Why Do I Need A Contract?
Handshake business deals are a thing of the past. A business contract can be boring and confusing. Legally, you don’t need to have written agreements, but in today’s ever more complex business environment you should never do business without them.
A well-written contract lays out the rules and expectations of any interaction between your business and another party, much like the rules of a board game. It should be a basic best business practice to enter into written agreements with parties you do business with – including customers, suppliers, contractors, partners, shareholders, co-members of an LLC, and investors. When the rules are clearly set out and understood by everyone, the likelihood of disagreements is greatly reduced.
Assuming that you don’t need a contract for a small project is a very common mistake. I have personally seen where a written agreement could have avoided monetary losses that ended up being more money than the company made on the transaction. Even a short, basic contract can protect all parties involved and will make it more likely that the project will be successfully completed.
9 Ways A Business Contract Will Fuel Success:
1. Make A Great First Impression
By putting a legal framework in place, you show clients that you care about them and your business. A contract gives you and the client peace of mind because you know all of the expectations from each other are spelled out. This allows your client to trust in your business.
A proper contract can be an extension of your company brand. Sending out a contract symbolizes that you are committing to your client, employee, or partner. It can show you care about the relationship that you have together.
From drafting to negotiations, the entire contract process gives each business an idea of how the other operates. The negotiation process can show whether there is a deal to document. Oral agreements rarely cover many issues that may arise, only to find significant areas of disagreement between them after the work has already begun or, worse, already completed. Negotiations over a written contract likely would have discovered these issues early on. Even the simple act of executing the agreement can show your company practices state-of-the-art processes. Traditional signatures take days or weeks, or months. This process can be done in minutes or hours, thanks to electronic signatures. It’s easy to see how even the contract negotiation process can help you make a great first impression.
2. Record Your Original Intentions
Frequently, the contract that governs the work can be around longer than people’s memories, their emails, or even themselves. Sometimes this is a great sign that you have had a long and mutually beneficial relationship. But remember, things change. Relationships sour. Conditions deteriorate. People move on. A contract will help you avoid confusion and inform your new employees of the commitments of both parties.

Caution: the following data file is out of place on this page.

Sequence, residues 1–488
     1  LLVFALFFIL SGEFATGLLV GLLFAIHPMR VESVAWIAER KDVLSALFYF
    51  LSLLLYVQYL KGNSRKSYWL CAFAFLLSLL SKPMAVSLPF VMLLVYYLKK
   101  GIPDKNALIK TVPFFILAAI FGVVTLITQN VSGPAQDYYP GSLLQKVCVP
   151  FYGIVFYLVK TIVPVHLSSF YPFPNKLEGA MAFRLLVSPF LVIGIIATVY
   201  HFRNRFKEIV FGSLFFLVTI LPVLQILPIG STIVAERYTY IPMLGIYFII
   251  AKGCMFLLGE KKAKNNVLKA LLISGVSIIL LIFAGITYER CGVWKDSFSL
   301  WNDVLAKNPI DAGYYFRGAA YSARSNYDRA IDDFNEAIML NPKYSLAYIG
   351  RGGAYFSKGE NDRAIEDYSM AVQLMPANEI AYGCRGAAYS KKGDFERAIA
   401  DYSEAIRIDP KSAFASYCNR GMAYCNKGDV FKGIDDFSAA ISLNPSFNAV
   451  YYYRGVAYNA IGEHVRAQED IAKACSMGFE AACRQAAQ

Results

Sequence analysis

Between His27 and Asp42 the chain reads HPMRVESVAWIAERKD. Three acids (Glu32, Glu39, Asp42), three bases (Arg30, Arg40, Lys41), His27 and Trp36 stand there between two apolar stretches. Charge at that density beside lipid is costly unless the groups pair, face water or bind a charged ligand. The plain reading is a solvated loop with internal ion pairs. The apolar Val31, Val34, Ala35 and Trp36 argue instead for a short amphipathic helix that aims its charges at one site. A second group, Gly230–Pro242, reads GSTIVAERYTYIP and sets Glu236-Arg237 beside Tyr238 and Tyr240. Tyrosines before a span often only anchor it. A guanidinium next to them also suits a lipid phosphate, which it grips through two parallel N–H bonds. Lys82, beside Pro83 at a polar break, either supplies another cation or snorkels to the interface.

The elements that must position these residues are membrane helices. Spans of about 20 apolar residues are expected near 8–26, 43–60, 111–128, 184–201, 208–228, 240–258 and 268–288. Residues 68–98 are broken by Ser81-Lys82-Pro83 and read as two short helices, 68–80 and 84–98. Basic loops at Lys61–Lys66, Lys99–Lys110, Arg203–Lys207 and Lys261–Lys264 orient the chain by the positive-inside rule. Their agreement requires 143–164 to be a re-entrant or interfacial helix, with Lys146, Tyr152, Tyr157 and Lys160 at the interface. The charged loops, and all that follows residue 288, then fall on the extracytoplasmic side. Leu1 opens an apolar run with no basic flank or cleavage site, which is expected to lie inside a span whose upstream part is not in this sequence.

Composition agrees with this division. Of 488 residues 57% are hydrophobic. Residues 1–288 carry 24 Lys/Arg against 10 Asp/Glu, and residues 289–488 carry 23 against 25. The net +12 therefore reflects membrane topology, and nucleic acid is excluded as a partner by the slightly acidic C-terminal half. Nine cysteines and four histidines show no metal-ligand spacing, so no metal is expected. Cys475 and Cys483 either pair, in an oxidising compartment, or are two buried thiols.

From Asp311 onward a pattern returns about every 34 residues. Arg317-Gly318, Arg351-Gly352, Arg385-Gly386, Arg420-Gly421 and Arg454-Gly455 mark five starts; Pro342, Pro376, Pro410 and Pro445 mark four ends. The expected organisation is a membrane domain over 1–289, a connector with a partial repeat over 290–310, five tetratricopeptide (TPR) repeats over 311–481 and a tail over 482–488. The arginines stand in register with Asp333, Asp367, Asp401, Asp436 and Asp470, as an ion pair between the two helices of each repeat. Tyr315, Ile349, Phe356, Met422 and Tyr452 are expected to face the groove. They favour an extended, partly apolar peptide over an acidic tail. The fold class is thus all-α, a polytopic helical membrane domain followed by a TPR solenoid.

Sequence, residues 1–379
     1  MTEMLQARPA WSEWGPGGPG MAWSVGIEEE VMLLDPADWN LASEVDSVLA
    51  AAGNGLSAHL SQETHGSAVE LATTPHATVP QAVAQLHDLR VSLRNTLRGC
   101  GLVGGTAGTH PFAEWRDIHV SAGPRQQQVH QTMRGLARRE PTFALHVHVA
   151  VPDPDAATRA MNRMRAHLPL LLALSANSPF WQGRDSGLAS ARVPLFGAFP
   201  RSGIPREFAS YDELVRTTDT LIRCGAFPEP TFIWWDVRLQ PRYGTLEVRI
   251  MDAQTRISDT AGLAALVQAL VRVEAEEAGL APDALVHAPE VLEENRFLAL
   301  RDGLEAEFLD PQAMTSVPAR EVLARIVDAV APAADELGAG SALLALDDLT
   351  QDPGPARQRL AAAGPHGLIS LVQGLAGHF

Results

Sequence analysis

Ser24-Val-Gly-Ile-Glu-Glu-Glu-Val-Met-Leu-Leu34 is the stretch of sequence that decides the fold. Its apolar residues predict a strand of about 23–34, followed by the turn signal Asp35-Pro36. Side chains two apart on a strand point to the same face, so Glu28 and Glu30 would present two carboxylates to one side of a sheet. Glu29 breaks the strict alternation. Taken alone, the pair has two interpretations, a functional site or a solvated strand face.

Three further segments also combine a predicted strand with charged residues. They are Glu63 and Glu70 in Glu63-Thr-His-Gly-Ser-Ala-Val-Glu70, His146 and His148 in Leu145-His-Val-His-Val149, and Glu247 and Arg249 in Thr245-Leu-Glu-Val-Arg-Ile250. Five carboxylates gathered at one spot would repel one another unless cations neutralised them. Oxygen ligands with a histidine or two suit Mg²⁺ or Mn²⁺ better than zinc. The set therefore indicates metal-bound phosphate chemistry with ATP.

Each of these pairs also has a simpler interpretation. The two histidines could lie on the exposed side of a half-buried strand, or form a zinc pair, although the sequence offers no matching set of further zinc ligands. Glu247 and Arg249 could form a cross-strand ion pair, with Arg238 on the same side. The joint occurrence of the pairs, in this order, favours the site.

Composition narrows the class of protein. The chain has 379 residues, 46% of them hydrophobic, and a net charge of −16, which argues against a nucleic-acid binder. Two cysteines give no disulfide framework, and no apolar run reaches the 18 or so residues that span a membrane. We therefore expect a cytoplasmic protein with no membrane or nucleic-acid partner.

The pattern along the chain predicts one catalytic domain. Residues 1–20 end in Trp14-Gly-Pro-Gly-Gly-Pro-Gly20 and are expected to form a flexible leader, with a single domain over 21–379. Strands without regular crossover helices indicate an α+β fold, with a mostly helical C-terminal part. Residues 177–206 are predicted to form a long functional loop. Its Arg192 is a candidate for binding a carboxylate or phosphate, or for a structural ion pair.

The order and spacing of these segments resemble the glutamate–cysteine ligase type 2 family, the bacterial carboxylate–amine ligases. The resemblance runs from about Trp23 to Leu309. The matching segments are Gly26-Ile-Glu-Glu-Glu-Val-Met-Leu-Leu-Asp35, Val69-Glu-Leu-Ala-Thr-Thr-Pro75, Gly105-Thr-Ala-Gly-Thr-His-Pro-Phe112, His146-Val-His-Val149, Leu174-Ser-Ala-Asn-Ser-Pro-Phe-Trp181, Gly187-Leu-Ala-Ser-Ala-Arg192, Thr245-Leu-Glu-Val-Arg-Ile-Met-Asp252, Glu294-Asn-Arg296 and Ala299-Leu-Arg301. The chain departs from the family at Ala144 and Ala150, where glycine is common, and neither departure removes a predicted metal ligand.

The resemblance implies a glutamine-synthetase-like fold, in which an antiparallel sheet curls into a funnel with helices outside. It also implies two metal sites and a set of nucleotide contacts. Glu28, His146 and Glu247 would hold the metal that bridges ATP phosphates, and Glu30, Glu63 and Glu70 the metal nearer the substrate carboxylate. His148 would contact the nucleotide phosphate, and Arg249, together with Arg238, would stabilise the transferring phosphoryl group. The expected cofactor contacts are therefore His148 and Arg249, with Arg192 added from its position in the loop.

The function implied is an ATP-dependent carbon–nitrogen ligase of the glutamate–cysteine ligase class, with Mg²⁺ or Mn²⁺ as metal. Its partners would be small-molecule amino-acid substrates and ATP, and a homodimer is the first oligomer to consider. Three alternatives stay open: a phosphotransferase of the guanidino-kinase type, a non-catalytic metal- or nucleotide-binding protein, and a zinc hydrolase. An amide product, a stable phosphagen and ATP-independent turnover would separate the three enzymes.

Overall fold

Should a client have a problem, they can refer to the contract, and it will give them all the information they need to try and resolve it. It will explain returns, refund and repair policies, warranties, intellectual property, and complaints. By providing this information in a document that can be referred to, the agreement acts as another avenue of customer service.
If a contract is going to do all these things, it must be detailed. The rights and duties of each party should be defined clearly, with little room for interpretation. Issues like performance standards, time to complete, payment terms, termination rights, compliance matters, and rights upon default should be documented.
3. Foster Collaboration
At their very core, contracts are relationships. First, two parties agree to work together and forge a connection that can last years if fostered well and beneficial on both sides. A contract is the visual representation of that relationship.
The very nature of a contract is collaborative. Before a contract is sent to the other party, it can build up your team’s collaboration. Departments can work together to determine all of the things needed to make the transaction beneficial to the company as a whole.
After the contract is sent out, the collaboration continues at the start of your business relationship. The very definition of a contract requires two competent parties to have a meeting of the minds. Healthy negotiations prevent confusion and conflict down the line and set the stage for a strong partnership in the future. Contracts also provide for both sides to manage expectations. A contract will define the parameters of the relationship and make sure that both parties have a clear understanding of what you have promised to each other.
A contract helps to build trust and give peace of mind. After a contract is signed, both sides can feel confident in the partnership because of a solid communication base.
4. Provide Clarity
You can reach an agreement through meetings, phone calls, and emails. Many verbal contracts fail because parties change, memories fade, and one person’s version of events is often different from another’s. Trying to cobble together what was agreed upon can be cumbersome. Other people can even make conflicting promises within your organization. A well-written agreement will ensure that you and your client clearly understand how the transaction will progress.
A good contract will outline your future interactions’ operational, financial, and dispute resolution processes. A contract will help your clients to understand your business. It will communicate what your client expects from you. By documenting this information into a single source of truth, you create certainty – all parties know how to act, what is expected from them, and most importantly, where to find the answers.
5. Predict Cash Flow
Cash rules everything around your business. How much and how fast it comes in or goes out can make or break a business. A contract can help both sides with their future budgets by locking in rates while addressing a process for potential discounts or future rate changes. You can even include provisions in your contract for what should happen if the project faces delays and takes longer than both parties expected.